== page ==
Interview: Hans Wijayasuriya
Considering its demographic profile, how saturated is Sri Lanka’s telecoms market?
HANS WIJAYASURIYA: In terms of nominal penetration, the numbers are north of 100%, but there is a significant incidence of multiple subscriptions, so real penetration sits somewhere between 60% and 65%. In that sense, there is room to grow in terms of new users. Adoption among younger segments is increasing, and the same can be said of previously under-penetrated age and demographic segments. With these dynamics in play, the market cannot be rated as being saturated, although subscriber growth rates are on the decline in relative terms.
The potential to grow from a revenue perspective is subject to the parallel pressures of pricing – as well as the dynamic of voice-to-data substitution. In 2014, the two main telco players in the country – Sri Lanka Telecom Group and Dialog Group – both found themselves restricted to single-digit revenue growth, which is less than encouraging in an emerging market context.
We need to also factor in exchange rates and inflation when casting nominal growth figures in real terms. The challenge we face is less about driving service and usage adoption, and more about being able to monetise consumption on the backdrop of hyper-competition and pricing pressure. Intense competition certainly has its positives and brings out the best in terms of service delivery innovation; however, it is unfortunate that pricing has been driven down to levels that are less than viable in the context of funding long-term growth.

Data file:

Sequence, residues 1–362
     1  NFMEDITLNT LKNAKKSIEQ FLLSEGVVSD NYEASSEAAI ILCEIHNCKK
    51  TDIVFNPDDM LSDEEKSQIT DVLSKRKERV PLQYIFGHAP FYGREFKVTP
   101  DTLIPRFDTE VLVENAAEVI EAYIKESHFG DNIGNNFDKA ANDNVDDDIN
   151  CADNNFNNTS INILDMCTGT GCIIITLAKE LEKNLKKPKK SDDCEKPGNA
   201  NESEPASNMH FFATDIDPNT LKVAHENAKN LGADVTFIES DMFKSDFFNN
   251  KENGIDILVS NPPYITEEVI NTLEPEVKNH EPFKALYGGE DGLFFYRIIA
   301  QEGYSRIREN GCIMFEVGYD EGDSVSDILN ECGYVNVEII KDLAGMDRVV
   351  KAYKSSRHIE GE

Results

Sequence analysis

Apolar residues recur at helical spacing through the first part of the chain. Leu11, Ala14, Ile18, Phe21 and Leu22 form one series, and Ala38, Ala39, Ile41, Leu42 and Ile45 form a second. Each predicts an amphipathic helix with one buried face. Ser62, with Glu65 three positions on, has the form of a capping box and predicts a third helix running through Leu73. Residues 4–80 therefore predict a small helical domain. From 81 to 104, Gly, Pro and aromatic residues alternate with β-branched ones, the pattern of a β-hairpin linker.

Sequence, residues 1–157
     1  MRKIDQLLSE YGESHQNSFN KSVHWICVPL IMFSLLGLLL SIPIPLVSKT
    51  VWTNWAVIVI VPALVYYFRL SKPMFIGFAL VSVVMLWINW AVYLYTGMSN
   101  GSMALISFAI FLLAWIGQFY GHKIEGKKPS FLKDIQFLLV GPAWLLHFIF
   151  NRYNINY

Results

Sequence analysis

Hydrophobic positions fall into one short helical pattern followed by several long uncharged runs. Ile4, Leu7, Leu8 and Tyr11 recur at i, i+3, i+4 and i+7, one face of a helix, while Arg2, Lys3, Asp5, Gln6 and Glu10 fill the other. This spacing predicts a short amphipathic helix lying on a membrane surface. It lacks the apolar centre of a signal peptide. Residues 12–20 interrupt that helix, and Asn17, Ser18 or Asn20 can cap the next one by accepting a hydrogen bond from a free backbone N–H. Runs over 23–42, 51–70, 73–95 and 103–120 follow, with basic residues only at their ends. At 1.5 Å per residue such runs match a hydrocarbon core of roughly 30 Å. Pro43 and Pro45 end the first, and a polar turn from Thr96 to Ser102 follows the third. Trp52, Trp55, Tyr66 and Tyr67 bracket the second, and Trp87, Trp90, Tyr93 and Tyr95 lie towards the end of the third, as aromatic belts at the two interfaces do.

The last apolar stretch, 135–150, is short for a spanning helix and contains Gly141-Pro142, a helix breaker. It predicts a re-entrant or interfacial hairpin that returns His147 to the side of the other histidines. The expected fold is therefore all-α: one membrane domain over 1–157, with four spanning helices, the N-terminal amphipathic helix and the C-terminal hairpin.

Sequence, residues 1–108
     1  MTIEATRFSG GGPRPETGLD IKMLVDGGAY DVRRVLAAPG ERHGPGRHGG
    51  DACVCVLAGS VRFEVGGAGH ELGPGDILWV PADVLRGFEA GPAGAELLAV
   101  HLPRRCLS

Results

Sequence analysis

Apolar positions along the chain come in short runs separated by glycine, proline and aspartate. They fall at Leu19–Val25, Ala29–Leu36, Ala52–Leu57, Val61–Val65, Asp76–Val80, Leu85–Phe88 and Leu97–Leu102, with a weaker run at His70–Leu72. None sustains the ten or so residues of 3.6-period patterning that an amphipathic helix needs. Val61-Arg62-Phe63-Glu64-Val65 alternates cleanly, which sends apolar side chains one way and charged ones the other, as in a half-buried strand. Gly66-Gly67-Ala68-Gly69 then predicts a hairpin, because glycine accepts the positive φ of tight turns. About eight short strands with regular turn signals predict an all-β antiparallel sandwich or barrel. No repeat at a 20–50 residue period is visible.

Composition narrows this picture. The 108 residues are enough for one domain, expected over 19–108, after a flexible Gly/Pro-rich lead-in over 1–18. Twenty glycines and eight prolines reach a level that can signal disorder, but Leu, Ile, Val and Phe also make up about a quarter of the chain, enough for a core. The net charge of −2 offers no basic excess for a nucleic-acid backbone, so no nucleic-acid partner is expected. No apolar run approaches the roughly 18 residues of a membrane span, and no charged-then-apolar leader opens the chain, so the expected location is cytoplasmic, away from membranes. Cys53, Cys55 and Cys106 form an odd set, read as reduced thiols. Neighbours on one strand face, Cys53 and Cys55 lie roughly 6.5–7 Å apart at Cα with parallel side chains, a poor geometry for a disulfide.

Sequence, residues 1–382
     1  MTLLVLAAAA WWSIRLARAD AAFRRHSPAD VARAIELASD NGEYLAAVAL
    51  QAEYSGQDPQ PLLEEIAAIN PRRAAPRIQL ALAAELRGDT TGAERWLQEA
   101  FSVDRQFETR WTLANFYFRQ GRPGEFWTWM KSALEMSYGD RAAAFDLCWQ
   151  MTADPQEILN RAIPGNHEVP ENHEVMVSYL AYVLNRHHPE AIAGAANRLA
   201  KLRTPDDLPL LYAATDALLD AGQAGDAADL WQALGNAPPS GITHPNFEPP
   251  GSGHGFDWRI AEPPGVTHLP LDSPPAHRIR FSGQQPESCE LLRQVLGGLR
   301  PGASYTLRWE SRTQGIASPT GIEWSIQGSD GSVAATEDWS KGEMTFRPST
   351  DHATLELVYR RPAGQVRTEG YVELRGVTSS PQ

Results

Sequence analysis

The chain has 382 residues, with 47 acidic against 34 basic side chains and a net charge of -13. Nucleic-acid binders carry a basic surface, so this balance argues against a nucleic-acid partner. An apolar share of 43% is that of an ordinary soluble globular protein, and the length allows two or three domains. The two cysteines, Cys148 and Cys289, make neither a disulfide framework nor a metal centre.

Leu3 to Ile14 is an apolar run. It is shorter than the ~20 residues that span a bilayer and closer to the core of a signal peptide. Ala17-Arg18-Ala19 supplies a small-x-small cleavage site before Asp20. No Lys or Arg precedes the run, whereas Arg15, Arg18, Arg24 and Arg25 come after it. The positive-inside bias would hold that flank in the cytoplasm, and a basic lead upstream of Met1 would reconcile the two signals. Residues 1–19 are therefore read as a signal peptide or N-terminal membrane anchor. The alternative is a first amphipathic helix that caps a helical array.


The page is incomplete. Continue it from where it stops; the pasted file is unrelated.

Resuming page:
Given the relatively crowded market of five mobile players and seven telco players overall, consolidation of the industry might be one potential lever to enhance long-term sustainability. I would aver, however, that the discipline of rational pricing should remain an imperative of overriding priority for the sector, irrespective of the market structure.
What are the implications of the move from mobile voice to data usage for Sri Lanka?
WIJAYASURIYA: Mobile data in Sri Lanka is the cheapest in the world. Voice services are, again, the cheapest in real terms. There is a structural correction that needs to take place in order to ensure sustainability of future investments. In terms of revenues, data sits at around 18%, but in terms of capital expenditure, data infrastructure accounts for around 65%. Operators are building out huge data networks but are not recovering the cost, due to unsustainable pricing structures.
The telecoms industry in Sri Lanka, like most across the world, is on the cusp of a significant techno-economic transformation, moving from voice to data, and also from markets dominated by traditional service providers to new disruptive models of service provision and consumption. The response to this change needs to come in the form of vertical and horizontal consolidation, rationality in data pricing and cost rationalisation via infrastructure sharing.
We need to move to more sophisticated forms of infrastructure sharing, including active network sharing and virtualisation of network elements combined with cloud architectures. We are strong proponents of active network-sharing models – moving to shared 4G networks. The industry probably needs a first-mover initiative in this regard, which also calls on the regulator to put in place regulations capable of supporting such structures.
Telecoms regulation in Sri Lanka has been singularly progressive so far, and has enabled it to be ahead of the region in terms of technology deployment as well as inclusion and per capita penetration of basic as well as advanced services. Provided we optimise cost and pricing structures, Sri Lanka will continue to be a leader in the region with respect to connectivity and digital empowerment, and the country’s ICT sector will be well positioned for long-term growth.
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